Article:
September 1, 2014

Just Announced: USC/Smithsonian Collaboration Will Convert 40,000 Art Catalog Records Into Linked Open Data (LOD)

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From the University of Southern California:

The USC Viterbi School of Engineering’s Information Sciences Institute (ISI) is collaborating with the Smithsonian American Art Museum to provide more detailed and more easily accessed information about artworks in the museum’s collection online than has previously been possible.

Through this collaboration, online users will soon be able to access records of more than 40,000 artworks, which will be converted to Linked Open Data (LOD), a system that tags and publishes information online in a structured format designed to be easier to interlink – both inside and outside of the museum’s online presence.

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For example, if someone were looking to access information about the works of artist Jackson Pollock, he or she could easily search and obtain relevant results automatically assembled using the LOD from every museum that owns Pollock artwork.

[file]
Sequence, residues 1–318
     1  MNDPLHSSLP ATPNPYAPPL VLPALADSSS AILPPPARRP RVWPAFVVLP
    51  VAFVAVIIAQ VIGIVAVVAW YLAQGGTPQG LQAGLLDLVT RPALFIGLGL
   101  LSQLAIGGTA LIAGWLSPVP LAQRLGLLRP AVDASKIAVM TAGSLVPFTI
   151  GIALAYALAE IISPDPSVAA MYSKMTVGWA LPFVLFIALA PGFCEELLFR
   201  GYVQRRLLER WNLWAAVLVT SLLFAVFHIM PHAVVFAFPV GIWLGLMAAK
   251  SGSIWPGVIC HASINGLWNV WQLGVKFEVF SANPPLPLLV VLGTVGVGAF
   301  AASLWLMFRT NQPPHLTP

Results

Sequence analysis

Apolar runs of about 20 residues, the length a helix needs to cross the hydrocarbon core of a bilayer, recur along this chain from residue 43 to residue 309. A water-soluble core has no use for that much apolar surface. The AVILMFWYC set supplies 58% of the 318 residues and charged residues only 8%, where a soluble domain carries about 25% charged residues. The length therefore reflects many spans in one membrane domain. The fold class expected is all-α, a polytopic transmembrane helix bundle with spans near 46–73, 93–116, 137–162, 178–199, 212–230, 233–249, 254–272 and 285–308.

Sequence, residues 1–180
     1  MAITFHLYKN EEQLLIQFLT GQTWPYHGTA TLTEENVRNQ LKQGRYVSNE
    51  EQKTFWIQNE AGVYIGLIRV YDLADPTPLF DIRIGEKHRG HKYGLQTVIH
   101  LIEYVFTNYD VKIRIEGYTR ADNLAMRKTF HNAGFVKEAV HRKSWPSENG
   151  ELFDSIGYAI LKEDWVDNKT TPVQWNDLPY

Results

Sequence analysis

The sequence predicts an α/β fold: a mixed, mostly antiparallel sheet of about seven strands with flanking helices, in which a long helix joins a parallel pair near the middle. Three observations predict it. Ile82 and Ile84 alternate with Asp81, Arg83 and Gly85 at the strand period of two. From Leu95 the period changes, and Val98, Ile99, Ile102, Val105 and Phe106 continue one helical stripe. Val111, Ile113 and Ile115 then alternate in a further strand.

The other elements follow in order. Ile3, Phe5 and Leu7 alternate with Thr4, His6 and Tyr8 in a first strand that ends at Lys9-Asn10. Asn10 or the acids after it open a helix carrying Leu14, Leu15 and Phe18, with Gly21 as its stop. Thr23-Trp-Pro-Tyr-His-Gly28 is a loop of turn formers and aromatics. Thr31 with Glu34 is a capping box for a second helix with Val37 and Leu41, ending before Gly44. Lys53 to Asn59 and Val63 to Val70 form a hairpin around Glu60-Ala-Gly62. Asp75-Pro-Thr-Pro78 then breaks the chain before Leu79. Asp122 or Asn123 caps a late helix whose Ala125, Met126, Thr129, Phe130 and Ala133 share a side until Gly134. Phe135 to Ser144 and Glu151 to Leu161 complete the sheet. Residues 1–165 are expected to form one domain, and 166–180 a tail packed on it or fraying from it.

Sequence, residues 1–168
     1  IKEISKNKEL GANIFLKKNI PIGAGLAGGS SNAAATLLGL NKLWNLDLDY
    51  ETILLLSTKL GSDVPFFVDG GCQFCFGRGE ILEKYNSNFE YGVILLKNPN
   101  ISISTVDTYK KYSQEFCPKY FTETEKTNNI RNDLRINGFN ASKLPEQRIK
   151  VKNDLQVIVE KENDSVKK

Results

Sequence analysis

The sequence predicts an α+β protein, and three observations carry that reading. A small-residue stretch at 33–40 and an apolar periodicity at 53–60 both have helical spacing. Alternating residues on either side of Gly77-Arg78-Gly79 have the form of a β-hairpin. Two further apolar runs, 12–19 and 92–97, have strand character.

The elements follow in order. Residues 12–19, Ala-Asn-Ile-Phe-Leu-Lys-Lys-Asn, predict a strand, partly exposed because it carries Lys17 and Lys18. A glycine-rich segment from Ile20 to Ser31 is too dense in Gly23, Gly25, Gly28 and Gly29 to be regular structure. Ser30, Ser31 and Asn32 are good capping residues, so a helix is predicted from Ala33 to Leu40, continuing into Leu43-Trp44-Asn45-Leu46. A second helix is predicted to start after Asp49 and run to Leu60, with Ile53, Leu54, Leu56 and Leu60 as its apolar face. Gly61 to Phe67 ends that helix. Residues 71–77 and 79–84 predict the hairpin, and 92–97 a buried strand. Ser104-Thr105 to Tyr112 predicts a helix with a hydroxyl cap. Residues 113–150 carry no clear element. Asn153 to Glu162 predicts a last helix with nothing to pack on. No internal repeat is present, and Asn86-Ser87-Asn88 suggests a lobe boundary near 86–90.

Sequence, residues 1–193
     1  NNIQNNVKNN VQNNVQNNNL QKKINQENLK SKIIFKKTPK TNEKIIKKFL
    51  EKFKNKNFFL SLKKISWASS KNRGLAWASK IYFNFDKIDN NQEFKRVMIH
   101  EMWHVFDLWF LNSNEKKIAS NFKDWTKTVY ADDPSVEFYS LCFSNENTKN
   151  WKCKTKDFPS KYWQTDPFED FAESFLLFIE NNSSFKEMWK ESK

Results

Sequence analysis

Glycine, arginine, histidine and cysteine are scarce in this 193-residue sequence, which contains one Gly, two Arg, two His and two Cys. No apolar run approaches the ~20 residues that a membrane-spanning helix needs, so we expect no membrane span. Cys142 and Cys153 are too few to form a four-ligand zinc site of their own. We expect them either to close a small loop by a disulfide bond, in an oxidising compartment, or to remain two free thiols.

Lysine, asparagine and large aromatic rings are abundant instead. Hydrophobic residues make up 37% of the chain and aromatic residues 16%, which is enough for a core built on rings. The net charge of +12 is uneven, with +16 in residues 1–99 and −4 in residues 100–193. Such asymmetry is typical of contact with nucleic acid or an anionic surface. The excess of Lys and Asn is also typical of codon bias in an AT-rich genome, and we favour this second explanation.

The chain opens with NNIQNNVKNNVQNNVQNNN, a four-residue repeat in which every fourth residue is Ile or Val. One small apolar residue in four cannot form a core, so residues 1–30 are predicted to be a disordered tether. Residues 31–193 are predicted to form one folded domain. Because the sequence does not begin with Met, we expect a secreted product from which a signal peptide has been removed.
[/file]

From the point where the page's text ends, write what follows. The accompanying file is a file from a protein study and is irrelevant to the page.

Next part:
“We hope several art museums will join in the effort and work with us,” said Eleanor Fink, art and technology consultant for the project and former director of the Getty Information Institute.

Fink said the project currently under way will serve as a model that can provide LOD conversion guidelines and tools for other museums and art organizations.

Read the Complete Announcement

Smithsonian LOD 1024x700 Just Announced: USC/Smithsonian Collaboration Will Convert 40,000 Art Catalog Records Into Linked Open Data (LOD)

Graphic representation of how Linked Open Data connects related records (Image/Pedro Szekely, USC Information Sciences Institute) (via USC.edu)

share save 171 16 Just Announced: USC/Smithsonian Collaboration Will Convert 40,000 Art Catalog Records Into Linked Open Data (LOD)
Gary Price About Gary Price

Gary Price (gprice@mediasourceinc.com) is a librarian, writer, consultant, and frequent conference speaker based in the Washington D.C. metro area. Before launching INFOdocket, Price and Shirl Kennedy were the founders and senior editors at ResourceShelf and DocuTicker for 10 years. From 2006-2009 he was Director of Online Information Services at Ask.com, and is currently a contributing editor at Search Engine Land.